This story was featured in the September/October 2017 USAID Frontlines Magazine.
Researchers at the Feed the Future Innovation Lab for Soybean Value Chain Research led by the University of Illinois are seeing how soybean is taking root in sub-Saharan African countries like Mozambique and Ghana. And the success of their aptly named soybean success kits over the last several years is resulting in high yields and better incomes. All of this, from a commercial crop that is a relative newcomer to these regions.
The kits are designed to be an all-in-one crop improvement tool, with each containing 2.5 kilos of high-quality soybean seed, 2 kilos of fertilizer, a small sachet of inoculant and pictorial instructions that explain planting and harvesting printed on each bag. The innovative soybean success kits bundle inputs for soybean production that can be difficult to access because of supply, distance to markets, or access to input dealers and sales agents in smallholder farmer communities.
The inputs contained in the kits improve soybean yields by focusing on soil health, high-quality seed and appropriate agronomic practices. Farmers using the kits saw soybean yields more than double from 1,000 kilograms per hectare to 2,300 kilograms per hectare. This shows that, with the correct inputs and training on appropriate agronomic practices, smallholder farmers can drastically increase their crop yields and, in turn, their incomes.
University of Missouri Innovation Lab researcher Kerry Clark collaborated with Catholic Relief Services, Ghana’s Savanna Agricultural Research Institute (SARI), the Ghanaian Ministry of Agriculture, and the Mozambican Institute of Agricultural Research (IIAM) to distribute 4,800 kits in Mozambique and Ghana in 2015 and 2016. In addition to distribution, the Soybean Innovation Lab also provided training to ministry extension service personnel on how to arrange and distribute the kits and the appropriate extension guidance on how they should be used.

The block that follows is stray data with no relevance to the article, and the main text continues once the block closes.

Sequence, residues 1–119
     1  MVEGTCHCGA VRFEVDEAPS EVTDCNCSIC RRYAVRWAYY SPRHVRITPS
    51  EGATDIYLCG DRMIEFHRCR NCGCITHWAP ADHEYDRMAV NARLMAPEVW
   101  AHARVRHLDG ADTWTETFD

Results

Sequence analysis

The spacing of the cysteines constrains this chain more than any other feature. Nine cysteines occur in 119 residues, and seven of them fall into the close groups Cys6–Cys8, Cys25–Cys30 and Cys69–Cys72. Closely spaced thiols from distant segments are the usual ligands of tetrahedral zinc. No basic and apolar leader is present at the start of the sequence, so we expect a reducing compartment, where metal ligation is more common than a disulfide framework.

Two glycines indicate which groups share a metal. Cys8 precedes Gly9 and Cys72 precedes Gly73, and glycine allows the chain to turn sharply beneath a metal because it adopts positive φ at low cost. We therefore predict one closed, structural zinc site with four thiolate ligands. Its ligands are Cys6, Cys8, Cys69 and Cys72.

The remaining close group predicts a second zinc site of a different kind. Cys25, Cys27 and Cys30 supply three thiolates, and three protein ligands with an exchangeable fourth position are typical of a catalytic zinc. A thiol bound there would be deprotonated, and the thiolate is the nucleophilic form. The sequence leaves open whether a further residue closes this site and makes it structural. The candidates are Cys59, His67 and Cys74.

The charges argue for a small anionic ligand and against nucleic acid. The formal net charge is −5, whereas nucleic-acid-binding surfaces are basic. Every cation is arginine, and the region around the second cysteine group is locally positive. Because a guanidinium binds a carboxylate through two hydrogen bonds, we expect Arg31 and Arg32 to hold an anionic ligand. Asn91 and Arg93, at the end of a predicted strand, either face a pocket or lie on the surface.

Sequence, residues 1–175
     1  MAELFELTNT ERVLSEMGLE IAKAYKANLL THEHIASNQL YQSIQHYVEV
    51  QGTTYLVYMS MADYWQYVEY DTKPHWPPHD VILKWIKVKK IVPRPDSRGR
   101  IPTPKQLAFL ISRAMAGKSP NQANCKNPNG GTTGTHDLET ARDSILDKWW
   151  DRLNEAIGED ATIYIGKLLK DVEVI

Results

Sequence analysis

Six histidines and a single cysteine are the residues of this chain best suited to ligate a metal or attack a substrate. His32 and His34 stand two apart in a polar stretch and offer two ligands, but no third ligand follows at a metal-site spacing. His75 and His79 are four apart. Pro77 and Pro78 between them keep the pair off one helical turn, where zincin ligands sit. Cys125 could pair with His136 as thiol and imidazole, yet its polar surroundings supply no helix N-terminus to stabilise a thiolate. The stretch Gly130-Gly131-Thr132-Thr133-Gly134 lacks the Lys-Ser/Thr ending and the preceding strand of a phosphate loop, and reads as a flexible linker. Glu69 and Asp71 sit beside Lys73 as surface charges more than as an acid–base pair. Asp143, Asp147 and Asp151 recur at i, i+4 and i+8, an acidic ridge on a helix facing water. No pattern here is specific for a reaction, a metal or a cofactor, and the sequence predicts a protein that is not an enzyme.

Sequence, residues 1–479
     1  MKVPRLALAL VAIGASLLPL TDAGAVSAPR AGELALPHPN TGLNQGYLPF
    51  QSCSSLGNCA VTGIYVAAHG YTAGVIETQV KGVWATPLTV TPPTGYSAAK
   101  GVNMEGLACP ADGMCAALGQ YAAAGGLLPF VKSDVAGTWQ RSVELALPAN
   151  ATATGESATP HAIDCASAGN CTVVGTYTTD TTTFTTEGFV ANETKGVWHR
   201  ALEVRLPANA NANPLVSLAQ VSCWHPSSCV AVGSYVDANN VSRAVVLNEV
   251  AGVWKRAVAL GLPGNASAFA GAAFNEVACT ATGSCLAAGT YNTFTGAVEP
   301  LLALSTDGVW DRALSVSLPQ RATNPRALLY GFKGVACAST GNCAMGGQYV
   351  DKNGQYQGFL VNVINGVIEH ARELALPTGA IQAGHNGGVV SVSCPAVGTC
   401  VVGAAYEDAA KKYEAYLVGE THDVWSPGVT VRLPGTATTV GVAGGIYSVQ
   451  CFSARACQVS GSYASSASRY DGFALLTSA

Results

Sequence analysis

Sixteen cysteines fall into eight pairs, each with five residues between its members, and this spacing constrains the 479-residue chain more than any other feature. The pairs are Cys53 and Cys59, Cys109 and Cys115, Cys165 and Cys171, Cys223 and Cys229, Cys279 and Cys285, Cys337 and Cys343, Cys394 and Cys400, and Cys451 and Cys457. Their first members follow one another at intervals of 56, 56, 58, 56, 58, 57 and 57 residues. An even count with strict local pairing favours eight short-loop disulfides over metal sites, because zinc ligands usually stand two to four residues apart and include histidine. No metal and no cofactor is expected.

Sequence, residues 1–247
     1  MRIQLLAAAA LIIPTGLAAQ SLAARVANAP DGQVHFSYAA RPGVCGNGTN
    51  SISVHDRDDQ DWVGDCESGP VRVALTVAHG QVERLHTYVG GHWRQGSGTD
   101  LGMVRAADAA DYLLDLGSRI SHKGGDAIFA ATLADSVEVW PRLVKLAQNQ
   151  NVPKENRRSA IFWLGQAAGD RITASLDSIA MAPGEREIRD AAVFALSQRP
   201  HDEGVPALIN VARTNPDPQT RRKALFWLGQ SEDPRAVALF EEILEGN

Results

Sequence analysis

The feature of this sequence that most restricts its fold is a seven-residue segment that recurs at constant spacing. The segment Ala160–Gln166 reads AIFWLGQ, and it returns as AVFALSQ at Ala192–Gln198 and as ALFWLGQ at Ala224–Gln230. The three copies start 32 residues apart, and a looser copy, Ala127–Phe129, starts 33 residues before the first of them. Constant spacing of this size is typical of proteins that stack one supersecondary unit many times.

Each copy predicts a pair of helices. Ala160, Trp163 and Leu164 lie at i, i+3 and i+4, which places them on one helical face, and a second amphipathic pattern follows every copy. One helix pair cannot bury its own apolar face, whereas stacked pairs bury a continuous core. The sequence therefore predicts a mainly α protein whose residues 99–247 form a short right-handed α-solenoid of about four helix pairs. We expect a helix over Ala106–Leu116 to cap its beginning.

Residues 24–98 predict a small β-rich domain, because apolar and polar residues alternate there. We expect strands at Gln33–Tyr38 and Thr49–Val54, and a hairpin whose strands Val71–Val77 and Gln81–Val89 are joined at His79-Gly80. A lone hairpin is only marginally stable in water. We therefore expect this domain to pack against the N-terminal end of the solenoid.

The kits were distributed as part of a study conducted by the Soybean Innovation Lab to understand the relationship between soybean production and gender equity, input and seed access, farmer networks, and land use changes. Results from the study will guide development practitioners, NGOs, government ministries and other agricultural organizations as they seek to bring soybean farming to smallholder communities.
“The important thing about the soybean success kit is that it packages all of the needed inputs together and ensures that the producers will get the best outcome from their months of sowing, weeding and harvesting,” says Clark. “It is also vital that the kit comes with extension communication so that fertilizer and inoculant are properly used and best able to bring about positive impact in yield increases.”
“If inputs aren’t seen as necessary for good crop production practices, yields will remain low and smallholder farmers will continue to struggle to feed themselves,” Clark continued. “Packaging inputs together shows the importance of each component in a growing system—good seed, fertilizer, inoculant for legumes, and knowledge on how to best grow and store the crop are all equally vital to improved yields.”